Analysis of BRAFV600E mutation and DNA methylation improves the diagnostics of thyroid fine needle aspiration biopsies
© Zhang et al.; licensee BioMed Central Ltd. 2014
Received: 3 December 2013
Accepted: 21 February 2014
Published: 3 March 2014
Thyroid nodules with indeterminate cytological features on fine needle aspiration biopsy specimens (FNABs) have a ~20% risk of thyroid cancer. BRAF V600E mutation and DNA methylation are useful markers to distinguish malignant thyroid neoplasm from benign. The aim of this study was to determine whether combined detection of BRAF V600E mutation and methylation markers on FNABs could improve the diagnostic accuracy of thyroid cancer.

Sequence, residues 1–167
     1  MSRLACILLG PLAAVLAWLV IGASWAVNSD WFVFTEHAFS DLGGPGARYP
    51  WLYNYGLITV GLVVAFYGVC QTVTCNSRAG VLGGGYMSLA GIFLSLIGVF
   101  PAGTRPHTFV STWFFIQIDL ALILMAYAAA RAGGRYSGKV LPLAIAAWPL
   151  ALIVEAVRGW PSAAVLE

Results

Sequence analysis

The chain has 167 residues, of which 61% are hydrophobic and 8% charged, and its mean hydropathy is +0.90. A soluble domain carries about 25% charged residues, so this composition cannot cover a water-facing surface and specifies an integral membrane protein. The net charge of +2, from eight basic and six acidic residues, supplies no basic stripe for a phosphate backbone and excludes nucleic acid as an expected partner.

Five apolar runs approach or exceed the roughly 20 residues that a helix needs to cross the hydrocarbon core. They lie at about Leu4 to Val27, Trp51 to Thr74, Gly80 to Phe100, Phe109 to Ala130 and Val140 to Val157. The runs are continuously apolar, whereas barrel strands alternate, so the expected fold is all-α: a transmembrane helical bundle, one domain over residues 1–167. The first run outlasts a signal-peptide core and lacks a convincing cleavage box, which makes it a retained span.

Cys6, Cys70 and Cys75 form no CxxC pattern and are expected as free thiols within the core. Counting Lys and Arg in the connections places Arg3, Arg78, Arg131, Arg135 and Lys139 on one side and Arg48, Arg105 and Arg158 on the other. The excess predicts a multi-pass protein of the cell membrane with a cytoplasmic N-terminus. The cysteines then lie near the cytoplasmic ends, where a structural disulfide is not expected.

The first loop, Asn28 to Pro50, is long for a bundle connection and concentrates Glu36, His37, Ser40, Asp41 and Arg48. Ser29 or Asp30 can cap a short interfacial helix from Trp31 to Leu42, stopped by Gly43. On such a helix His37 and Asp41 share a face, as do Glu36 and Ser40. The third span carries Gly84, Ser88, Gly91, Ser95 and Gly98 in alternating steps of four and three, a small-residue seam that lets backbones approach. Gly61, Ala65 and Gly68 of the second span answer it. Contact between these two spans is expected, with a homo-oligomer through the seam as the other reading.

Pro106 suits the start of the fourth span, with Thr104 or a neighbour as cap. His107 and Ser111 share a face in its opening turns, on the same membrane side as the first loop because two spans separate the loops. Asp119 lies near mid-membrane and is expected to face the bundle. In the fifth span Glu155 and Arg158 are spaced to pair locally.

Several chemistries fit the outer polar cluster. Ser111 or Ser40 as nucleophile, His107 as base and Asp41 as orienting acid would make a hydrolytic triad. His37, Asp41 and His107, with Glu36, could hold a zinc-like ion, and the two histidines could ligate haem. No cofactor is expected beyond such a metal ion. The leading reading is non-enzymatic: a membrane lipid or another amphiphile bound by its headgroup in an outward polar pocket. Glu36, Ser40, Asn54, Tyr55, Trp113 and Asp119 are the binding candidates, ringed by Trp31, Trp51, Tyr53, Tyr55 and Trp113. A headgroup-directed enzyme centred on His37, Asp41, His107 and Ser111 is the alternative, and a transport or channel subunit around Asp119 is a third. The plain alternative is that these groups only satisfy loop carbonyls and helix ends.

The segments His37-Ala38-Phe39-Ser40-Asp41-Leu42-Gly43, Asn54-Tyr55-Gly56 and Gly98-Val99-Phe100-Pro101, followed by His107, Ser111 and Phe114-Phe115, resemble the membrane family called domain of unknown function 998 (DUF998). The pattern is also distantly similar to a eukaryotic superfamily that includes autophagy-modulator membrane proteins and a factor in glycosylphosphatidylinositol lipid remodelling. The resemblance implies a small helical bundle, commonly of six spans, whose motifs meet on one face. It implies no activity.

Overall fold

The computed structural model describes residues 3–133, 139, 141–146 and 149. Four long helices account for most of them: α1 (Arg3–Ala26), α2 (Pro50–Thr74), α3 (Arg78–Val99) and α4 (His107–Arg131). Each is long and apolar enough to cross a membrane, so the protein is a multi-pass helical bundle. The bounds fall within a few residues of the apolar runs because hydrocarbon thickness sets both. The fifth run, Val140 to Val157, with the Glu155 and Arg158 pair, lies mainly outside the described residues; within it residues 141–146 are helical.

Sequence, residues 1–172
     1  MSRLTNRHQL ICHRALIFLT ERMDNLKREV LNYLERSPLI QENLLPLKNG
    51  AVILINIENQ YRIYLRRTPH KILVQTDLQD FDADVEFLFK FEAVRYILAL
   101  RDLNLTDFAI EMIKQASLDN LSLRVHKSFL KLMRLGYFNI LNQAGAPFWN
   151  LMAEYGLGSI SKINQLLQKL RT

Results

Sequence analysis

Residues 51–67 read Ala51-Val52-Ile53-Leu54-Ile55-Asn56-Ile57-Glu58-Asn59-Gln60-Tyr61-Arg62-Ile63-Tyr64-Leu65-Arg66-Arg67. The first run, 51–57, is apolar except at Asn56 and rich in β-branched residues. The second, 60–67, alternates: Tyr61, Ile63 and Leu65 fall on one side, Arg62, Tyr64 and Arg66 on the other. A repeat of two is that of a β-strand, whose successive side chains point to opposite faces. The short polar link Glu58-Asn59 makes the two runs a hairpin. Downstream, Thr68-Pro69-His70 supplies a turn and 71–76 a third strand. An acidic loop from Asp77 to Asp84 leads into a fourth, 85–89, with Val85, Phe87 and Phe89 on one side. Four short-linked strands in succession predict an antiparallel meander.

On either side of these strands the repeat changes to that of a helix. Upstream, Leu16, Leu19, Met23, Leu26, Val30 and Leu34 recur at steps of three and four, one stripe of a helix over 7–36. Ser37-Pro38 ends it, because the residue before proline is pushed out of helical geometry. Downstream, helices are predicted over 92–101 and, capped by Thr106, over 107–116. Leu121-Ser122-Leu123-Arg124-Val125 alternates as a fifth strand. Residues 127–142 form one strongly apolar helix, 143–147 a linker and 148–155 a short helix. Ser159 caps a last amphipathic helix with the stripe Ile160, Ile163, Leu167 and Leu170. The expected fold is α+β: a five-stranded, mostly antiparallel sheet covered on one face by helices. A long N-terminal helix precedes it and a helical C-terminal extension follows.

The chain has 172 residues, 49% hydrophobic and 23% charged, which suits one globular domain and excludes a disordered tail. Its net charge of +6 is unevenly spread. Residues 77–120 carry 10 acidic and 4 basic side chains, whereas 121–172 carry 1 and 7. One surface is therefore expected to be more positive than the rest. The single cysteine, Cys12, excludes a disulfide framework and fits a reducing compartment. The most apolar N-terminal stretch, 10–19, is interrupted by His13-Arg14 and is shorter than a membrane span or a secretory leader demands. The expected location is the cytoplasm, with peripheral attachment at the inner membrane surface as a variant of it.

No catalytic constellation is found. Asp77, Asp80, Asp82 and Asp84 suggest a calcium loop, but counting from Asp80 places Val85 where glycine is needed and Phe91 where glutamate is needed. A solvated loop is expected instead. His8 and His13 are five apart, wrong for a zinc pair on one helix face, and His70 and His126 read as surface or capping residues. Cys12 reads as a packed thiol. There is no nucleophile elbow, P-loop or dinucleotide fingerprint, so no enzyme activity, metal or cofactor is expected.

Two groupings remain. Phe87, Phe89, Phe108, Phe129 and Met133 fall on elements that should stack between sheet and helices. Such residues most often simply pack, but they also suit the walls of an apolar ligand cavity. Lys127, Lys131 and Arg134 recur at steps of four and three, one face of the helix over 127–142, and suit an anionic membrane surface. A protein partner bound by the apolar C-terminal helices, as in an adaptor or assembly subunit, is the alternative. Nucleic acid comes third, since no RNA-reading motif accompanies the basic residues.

Using pyrosequencing and quantitative methylation-specific PCR (Q-MSP) methods, FNABs from 79 and 38 patients with thyroid nodules in training and test groups, respectively, were analyzed for BRAF V600E mutation and gene methylation.
BRAF V600E mutation was found in 30/42 (71.4%) and 14/20 (70%) FNABs in training and test groups, respectively. All BRAF V600E -positive samples were histologically diagnosed as papillary thyroid cancer (PTC) after thyroidectomy. As expected, BRAF mutation was not found in all benign nodules. Moreover, we demonstrated that the five genes, including CALCA, DAPK1, TIMP3, RAR-beta and RASSF1A, were aberrantly methylated in FNABs. Of them, methylation level of DAPK1 in PTCs was significantly higher than that in benign samples (P <0.0001). Conversely, methylation level of RASSF1A in PTCs was significantly lower than that in benign samples (P =0.003). Notably, compared with BRAF mutation testing alone, combined detection of BRAF mutation and methylation markers increased the diagnostic sensitivity and accuracy of PTC with excellent specificity.